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Networking newbie question:

I am trying to understand what would be the best way to expose several mobile web servers, all of them are behind a router which is a typical 3G network configuration, here all 3G mobile has only a private IP, so in this case we have several web servers all of them are unreachable.

If a have a DNS server can I use DNS A record to point to this web servers (no public IP) and a reverse proxy (d.example.com) to forward traffic to each mobile web servers?

The application that I am trying to do will make those web servers accesible (no public IP) using a subdomain of the proxy server for instance 3gwebserver.example.com

Is there a way to accomplish this?

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Yes, sure. There is a way. The question remains: Why in gods name do you want that? –  mailq Dec 5 '11 at 23:20
    
I have several energy sensors, all of them have a web server to access to collected data. But these energy sensors are connected to internet using a GPRS link, for fast and temporal deployment, but I need to access from internet to collected data, but now I am not able access to this energy sensors because my Mobile data provider is not able to give public IP for all my sensors. –  Jaime Dec 5 '11 at 23:29
    
I don't get the downvotes - while it's a patently ludicrous scenario, the poster does ID himself as a newbie, and it is a question that someone might find useful later in a similarly bad use case scenario. –  Driftpeasant Dec 5 '11 at 23:32
    
+1 There are places in the world where it is easier (or cheaper) to use 3G connectivity instead of the "traditional" alternatives. Remote weather stations for example. –  kce Dec 6 '11 at 1:19

3 Answers 3

up vote 2 down vote accepted

Your main issue is this: You have a router/firewall out in front of your mobile device. Unless you have some way of accessing that ISP/phone company router to enable port forwarding, you'll never be able to access the webserver externally. Even if you hook up something like No-IP or DynDNS to your webserver so that the external IP address of the ISP/phone company is correct, without port forwarding those requests will just hit the firewall and stop.

Bottom line - your ISP/phone company would have to approve of this plan and let you do it or it's going to fail miserably...

EDIT As mailq points out in a comment - you need data pushing, not data pulling - you're almost certainly seeing your competitors pushing data automatically from the sensors to a central server. That's pretty easy to accomplish. Pulling data from behind the 3G NAT routing is dependent entirely on your 3G carrier participating with you.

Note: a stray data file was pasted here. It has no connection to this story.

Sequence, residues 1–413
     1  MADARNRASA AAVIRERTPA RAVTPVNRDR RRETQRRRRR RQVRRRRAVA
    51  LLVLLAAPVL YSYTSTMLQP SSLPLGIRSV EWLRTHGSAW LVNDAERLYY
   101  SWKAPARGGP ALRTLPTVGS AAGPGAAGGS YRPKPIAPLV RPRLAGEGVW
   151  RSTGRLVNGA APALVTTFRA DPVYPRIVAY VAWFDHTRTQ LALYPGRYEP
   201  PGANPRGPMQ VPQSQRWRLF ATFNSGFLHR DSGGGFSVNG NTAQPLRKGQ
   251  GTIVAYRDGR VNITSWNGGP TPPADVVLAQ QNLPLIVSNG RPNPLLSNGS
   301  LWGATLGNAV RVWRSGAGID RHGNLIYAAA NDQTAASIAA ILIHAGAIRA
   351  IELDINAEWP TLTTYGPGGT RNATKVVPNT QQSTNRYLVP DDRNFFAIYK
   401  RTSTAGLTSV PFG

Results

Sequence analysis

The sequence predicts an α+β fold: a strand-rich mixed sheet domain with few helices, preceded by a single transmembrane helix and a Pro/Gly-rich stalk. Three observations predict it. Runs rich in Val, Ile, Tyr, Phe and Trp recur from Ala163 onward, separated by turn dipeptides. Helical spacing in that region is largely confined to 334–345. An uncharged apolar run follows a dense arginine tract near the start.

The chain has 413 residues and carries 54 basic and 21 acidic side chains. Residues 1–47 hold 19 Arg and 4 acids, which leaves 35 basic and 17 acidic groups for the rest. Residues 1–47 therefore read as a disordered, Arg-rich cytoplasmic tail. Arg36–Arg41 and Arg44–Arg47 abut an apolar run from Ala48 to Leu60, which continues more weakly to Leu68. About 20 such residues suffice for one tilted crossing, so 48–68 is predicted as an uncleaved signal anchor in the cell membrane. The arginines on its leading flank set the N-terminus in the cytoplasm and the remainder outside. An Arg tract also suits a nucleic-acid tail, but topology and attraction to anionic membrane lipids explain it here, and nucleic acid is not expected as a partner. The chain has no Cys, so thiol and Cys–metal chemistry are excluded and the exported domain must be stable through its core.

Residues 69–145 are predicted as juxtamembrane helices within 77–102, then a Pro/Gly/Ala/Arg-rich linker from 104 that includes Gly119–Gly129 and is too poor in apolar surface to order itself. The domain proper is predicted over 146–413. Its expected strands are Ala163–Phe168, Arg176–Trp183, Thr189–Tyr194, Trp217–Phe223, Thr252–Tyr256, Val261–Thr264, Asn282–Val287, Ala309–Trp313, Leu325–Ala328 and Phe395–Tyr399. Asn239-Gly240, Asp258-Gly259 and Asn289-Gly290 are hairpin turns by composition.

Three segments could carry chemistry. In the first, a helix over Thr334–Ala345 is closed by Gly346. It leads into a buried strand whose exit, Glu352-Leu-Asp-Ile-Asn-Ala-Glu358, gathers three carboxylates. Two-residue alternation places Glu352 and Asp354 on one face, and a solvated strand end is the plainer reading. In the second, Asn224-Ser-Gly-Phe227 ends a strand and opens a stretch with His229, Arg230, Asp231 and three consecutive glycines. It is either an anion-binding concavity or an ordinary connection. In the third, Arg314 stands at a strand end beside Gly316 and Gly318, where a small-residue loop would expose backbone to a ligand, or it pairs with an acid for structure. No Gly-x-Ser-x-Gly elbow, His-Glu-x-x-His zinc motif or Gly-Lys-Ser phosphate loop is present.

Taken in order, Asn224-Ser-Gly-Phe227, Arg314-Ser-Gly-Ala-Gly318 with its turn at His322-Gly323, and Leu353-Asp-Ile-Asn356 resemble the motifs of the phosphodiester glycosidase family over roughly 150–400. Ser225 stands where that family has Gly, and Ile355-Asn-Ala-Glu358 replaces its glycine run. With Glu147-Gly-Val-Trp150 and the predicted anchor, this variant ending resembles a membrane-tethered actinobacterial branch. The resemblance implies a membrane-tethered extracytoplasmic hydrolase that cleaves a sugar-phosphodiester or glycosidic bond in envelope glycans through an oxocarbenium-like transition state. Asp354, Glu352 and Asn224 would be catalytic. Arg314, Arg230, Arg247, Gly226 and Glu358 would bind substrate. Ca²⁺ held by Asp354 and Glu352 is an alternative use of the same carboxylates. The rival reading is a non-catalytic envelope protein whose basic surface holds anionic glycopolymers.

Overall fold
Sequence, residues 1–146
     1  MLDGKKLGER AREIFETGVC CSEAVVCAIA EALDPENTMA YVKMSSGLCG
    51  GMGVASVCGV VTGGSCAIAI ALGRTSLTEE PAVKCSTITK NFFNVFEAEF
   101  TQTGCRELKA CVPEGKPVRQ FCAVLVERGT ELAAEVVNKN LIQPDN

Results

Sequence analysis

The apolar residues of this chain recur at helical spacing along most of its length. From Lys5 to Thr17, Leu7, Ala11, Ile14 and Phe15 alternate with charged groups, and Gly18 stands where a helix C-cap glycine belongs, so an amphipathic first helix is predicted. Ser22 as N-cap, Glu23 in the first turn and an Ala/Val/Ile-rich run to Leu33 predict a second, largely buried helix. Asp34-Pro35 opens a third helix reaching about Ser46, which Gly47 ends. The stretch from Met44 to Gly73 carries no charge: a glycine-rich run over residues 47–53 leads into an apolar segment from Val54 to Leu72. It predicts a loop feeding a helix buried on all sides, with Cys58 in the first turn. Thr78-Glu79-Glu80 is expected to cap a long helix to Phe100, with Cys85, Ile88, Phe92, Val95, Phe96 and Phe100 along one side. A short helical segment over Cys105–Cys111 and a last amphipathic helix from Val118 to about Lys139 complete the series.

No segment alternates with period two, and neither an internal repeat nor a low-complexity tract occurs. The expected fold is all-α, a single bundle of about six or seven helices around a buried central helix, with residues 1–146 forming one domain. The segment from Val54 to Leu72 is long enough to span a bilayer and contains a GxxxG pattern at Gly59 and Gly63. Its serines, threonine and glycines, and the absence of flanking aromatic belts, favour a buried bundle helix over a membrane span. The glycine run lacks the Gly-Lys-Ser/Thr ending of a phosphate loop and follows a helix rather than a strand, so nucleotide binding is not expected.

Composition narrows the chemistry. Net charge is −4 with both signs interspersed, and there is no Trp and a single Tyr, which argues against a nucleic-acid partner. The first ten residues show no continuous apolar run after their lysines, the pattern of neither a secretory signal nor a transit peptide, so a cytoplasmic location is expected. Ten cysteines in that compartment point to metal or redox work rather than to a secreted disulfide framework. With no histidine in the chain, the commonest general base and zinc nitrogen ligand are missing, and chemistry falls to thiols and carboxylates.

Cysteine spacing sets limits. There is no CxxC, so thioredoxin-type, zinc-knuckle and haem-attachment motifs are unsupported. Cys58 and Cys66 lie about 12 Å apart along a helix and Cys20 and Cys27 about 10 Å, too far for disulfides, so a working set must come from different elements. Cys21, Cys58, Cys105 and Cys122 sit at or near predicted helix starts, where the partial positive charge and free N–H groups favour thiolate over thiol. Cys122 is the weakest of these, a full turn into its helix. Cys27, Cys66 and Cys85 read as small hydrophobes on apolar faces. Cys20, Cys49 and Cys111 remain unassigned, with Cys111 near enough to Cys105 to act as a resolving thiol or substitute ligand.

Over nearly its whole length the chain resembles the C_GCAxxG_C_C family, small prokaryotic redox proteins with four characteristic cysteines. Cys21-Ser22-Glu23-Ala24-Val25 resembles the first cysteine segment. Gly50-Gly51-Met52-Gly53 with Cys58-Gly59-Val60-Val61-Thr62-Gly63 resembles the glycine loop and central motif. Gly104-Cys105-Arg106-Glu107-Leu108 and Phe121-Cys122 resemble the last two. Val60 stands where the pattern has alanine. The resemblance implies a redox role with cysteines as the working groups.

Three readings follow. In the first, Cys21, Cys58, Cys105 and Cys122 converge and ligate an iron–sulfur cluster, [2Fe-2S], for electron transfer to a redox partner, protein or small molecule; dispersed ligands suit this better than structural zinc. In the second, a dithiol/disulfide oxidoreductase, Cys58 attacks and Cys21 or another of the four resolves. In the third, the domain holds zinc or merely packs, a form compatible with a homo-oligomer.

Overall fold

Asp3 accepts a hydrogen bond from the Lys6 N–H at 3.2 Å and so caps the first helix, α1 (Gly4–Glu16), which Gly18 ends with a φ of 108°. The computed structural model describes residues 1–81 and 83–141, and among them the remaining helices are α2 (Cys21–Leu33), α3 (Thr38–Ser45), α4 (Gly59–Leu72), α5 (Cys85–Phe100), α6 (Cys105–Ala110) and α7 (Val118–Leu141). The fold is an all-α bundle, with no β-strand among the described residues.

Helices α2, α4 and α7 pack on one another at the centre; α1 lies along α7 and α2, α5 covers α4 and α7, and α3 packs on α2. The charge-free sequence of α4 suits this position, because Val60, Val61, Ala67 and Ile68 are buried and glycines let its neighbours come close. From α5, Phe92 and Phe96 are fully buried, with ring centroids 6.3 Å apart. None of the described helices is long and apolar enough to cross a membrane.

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If your 3G provider is giving you a private IP, then you're behind what's called Carrier Grade NAT.

You will need their involvement to get anything behind that network exposed for inbound connections.

There's nothing you can do from your end to get it working.


Just saw your comment. Are you able to get these sensors re-engineered so that they push the data to a central server, rather than having it fetched?

Also, depending on how powerful the devices are, get the devices to initiate a VPN may be an option as that abstracts away the carrier grade NAT.

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Think of "push" than "pull". –  mailq Dec 5 '11 at 23:31
    
I know is possible because a have another energy sensors which connect to a proxy servers when ther are started and automatically the proxy servers add a subdomain to access to it. egauge.net/devices here you can access to all energy sensors and all of them are behind a Carrier Grade NAT. –  Jaime Dec 5 '11 at 23:32
    
Like mailq said - those devices are pushing data back to a central server, not having said server pull it. You can push over 3G as much as you want. Pulling is REALLY difficult. –  Driftpeasant Dec 5 '11 at 23:35
    
I bought yhose sensors from egauge.net, I am starting a energy management business based on those sensors and the embedded web server is very useful and its API to access and process its data too. –  Jaime Dec 5 '11 at 23:40
    
Others do research before buying stuff. What do you gain from a web interface you cannot access? –  mailq Dec 5 '11 at 23:49

The fastest (not cheapest) option is to talk to the mobile provider and get business class service. That will most likely allow you to do what you need to do without constantly running through hoops.

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